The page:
It’s really a world apart from last February when ground was almost as dry as it would be in May, with the dry cool weather allowing slurry or cattle or both to get out on ground.

There has been little opportunity for either to get out this year so far, and right now it’s unlikely that the week’s weather forecast will do much to fix this. When it comes to slurry, it’ll be a case of either moving slurry between tanks or trying to get out on some drier ground with a few loads to tide things over.

I understand that this can be a headache and a laboursome task, but from a financial and environmental point of view, slurry can’t be spread on sodden ground.

Where ground hasn’t been spread with slurry and dung, there may now be still an opportunity to get some soil sampling done. It’s possibly the most valuable information regarding the grazing and silage blocks you can get, and at a cost of little more than a 50kg bag of fertiliser per sample.


Niall O’Meara – Killimor, Co Galway

I spread five loads of slurry on some grazed paddocks at the beginning of February, and had been moving slurry around between tanks to try and hold off spreading until ground conditions were optimal.

With slurry touching the slats, I had to spread three more loads this week on ground with a cover of grass on it with an injection system. While there was no damage done and grass wasn’t dirtied, a lot of grass was flattened by the wide wheels.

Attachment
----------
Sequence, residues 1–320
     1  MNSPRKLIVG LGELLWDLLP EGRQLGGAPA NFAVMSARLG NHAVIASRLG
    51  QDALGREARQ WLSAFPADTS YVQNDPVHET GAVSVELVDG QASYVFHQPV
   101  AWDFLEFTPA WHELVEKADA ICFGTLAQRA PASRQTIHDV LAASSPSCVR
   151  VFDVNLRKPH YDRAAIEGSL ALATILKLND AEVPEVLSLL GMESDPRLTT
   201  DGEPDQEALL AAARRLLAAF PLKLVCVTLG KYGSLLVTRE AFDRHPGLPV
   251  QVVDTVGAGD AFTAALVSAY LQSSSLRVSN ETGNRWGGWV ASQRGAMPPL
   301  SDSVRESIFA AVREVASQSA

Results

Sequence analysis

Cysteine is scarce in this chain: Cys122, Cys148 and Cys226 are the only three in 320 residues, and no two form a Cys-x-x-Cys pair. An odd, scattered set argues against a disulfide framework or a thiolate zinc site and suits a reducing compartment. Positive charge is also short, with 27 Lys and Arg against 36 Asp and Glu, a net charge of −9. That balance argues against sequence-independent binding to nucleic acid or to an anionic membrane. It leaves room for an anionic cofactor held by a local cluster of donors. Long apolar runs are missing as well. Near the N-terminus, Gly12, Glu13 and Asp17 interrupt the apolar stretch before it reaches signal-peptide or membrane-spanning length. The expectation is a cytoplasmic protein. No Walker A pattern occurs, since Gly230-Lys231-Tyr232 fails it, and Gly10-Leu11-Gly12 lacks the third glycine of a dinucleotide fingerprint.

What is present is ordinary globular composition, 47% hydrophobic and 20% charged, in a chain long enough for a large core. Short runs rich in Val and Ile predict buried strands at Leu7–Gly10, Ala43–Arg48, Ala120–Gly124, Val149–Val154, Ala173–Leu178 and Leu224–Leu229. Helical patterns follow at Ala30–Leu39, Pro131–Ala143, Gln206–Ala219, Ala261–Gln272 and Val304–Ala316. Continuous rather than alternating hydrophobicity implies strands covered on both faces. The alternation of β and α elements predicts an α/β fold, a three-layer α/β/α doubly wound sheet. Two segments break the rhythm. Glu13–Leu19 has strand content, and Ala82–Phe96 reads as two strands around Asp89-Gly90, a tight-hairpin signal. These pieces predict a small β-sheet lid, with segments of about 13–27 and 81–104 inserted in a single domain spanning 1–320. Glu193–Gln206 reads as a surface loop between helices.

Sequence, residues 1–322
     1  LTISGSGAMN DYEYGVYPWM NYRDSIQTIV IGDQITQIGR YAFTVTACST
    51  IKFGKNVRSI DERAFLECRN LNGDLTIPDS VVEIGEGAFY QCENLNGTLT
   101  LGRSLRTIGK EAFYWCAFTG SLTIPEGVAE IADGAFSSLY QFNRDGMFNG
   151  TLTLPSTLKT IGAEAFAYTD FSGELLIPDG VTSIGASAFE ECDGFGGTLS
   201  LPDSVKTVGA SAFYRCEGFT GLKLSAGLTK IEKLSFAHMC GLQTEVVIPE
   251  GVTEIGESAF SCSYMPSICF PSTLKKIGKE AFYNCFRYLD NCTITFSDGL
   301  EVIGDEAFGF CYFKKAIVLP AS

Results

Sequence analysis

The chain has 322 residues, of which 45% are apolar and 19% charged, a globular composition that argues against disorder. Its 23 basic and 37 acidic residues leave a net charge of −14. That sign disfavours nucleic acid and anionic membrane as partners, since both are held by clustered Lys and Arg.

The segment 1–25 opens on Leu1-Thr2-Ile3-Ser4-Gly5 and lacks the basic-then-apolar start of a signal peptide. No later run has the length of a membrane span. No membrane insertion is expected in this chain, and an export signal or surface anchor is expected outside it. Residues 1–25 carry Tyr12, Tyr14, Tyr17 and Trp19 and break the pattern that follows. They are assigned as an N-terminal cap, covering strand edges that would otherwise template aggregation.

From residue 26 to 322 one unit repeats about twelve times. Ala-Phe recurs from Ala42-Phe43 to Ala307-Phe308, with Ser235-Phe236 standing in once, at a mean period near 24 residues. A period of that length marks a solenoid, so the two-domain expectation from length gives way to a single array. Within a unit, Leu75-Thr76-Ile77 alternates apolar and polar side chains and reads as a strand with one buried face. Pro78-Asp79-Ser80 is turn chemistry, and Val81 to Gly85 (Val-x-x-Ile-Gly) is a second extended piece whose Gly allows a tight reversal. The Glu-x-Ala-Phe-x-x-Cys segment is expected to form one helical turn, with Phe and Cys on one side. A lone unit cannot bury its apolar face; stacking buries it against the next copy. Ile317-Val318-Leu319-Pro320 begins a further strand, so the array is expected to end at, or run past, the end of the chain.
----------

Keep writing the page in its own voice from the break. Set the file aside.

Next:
The autumn born calves have been grazing all winter and have 10 paddocks grazed. Some paddocks were grazed tight down to 4cm, while others had a residual of 5.5-6cm as the weather was too poor.

System Suckler to weanling

Soil Type Variable

Farm cover (kg/DM/ha) 479

Growth (kg/DM/ha/day) 5

Demand (kg/DM/ha/day) 6

Stephen Frend – Newford Herd, Co Roscommon

We are approximately halfway through calving right now on the new home of the Newford herd. The suckler herd has moved to a farm outside Atleague in Co Roscommon.

Calving kicked off on 30 January, and 50% of cows have calved in the first three weeks. Accommodation post-calving is plentiful, which is good, as we haven’t had the opportunity to turn cows and calves out to grass yet.

Aside from the calving, we have been working towards getting the grazing block set up for the coming year.

Water troughs have gone in across the farm, and while boundary fences are good, there will be some further division of large fields required. Soil sampling was completed, with nearly all the farm coming back as index 3 and 4 for both P and K.

System Suckler to finishing

Soil Type Mainly dry

Farm cover (kg/DM/ha) 775

Growth (kg/DM/ha/day) 5

Demand (kg/DM/ha/day) -

Shaun Diver – Tullamore Farm,Co Offaly

We got away with spreading some slurry last week in the out farm in Cloonagh, which is a much drier block than around the home yard. We have 10 heifers also grazing this block, and once they are kept moving with a fresh bite the ground damage is minimal.

I’d ideally like to get another pen of heifers or some cows and calves turned out, but this will depend on an improved forecast. We have 25 cows calved, with cows now going over their due date slowing things up a little.

Cows and calves are being moved from the calving shed up to the new slatted shed with a large straw bedded lieback for the calves. Lambing will be kicking off from 10 March, with ewes in excellent body condition.

System Sucklers and sheep

Soil Type Variable

Farm cover (kg/DM/ha) 442

Growth (kg/DM/ha/day) 5

Demand (kg/DM/ha/day) 2